In this essay, I’m going to deviate a bit from my usual cop talk (there is a little near the bottom). Instead of waxing poetic about the police, I want to discuss the other hat I wear: College Instructor.
Having taught college courses for more than two decades, I have seen a lot of unusual student behavior. Part of this is doubtless due to the process of college kids figuring out who they are, testing social boundaries and just plain old youthful zeal.
That said, one of my dearest friends, a professor at a large public university in Tennessee, relayed comments made by that school’s head of Counseling and Testing Services. This official attributed the spike in disruptive student behavior to the “increased admission of students with mental illnesses.” This same psychological prognosticator also used the term “crazy” in the elaboration of her theory.
Even on face, this is one of those contentions that smacks of bigotry and ignorance. First, her statement is impossible to vet. While disability assistance programs have flourished, who knows whether the true number of mentally ill students has increased. Being able to more readily identify students with particular disabilities or special needs in no way equates to an increase in students who have those qualities. Moreover, using single, broad, judgmental characterizations to label thousands of different medical conditions under one grand umbrella of behavioral issues is just plain prejudice.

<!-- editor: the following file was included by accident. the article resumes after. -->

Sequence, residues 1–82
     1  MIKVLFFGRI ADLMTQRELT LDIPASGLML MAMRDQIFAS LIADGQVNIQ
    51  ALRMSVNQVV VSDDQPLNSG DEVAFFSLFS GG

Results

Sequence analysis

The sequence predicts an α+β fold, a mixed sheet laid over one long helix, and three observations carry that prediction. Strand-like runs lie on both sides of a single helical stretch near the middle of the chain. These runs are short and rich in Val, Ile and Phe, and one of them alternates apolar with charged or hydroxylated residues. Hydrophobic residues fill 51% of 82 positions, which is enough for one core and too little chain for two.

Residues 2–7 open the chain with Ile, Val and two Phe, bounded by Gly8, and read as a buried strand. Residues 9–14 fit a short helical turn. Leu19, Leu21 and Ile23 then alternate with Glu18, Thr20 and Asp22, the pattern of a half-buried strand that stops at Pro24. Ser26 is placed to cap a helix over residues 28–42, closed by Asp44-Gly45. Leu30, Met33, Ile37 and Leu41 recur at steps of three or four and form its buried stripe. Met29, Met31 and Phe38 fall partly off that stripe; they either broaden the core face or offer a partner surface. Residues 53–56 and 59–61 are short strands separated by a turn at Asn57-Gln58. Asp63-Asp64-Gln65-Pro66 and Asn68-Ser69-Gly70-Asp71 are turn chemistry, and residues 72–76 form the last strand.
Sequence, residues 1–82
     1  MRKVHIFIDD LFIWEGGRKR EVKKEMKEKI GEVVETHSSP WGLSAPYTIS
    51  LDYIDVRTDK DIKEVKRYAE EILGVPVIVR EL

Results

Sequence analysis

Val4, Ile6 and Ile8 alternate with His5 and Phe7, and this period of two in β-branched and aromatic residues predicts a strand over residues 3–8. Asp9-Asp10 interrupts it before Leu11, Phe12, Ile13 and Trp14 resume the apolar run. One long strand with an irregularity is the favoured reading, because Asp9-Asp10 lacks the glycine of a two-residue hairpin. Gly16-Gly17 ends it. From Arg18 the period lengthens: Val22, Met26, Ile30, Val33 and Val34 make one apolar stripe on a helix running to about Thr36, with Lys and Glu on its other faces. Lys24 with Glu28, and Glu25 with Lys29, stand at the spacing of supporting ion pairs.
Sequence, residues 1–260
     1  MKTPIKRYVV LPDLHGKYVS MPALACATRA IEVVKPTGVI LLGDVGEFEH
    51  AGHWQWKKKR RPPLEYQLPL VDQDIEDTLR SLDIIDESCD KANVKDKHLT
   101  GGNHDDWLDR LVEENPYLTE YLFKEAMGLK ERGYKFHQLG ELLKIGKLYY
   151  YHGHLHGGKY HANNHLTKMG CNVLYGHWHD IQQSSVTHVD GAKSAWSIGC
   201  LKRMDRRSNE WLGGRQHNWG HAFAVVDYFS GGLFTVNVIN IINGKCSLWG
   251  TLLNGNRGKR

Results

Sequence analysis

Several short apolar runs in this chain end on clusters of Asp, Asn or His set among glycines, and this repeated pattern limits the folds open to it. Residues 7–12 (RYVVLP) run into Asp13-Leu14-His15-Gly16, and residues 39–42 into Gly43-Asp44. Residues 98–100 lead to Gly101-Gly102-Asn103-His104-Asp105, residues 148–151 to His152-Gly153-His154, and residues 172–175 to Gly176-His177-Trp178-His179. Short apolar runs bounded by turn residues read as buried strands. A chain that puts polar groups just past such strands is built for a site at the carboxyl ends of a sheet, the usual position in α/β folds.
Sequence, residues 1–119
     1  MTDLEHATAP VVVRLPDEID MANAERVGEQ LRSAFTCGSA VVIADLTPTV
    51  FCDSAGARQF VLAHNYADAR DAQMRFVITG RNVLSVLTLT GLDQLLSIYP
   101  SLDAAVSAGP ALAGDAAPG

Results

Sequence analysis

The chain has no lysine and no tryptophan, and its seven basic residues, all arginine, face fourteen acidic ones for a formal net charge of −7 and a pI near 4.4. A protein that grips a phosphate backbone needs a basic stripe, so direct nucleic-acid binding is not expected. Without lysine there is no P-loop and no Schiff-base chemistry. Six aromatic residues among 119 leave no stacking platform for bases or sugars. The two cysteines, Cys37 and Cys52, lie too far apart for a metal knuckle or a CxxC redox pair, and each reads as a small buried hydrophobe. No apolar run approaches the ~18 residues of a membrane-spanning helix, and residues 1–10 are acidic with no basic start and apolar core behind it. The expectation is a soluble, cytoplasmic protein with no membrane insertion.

For the sake of argument, let’s just go with her idiotic contention for a moment and let’s carry it to the absurdist extreme of not just disruptive behavior but violent behavior. In the DSM-V, there is broad discussion of “personality disorders.” Personality disorders are grouped into three “clusters” (A, B, C) based on similar symptoms and behavioral characteristics. As a narrative choice, I don’t want to get too deep into discussions of each cluster (Mayo has an excellent general description of them here). In research from 2000, Johnson, et al. state, “Adolescents with a greater number of DSM-IV cluster A or cluster B personality disorder symptoms were more likely than other adolescents in the community to commit violent acts during adolescence and early adulthood, including arson, assault, breaking and entering, initiating physical fights, robbery, and threats to…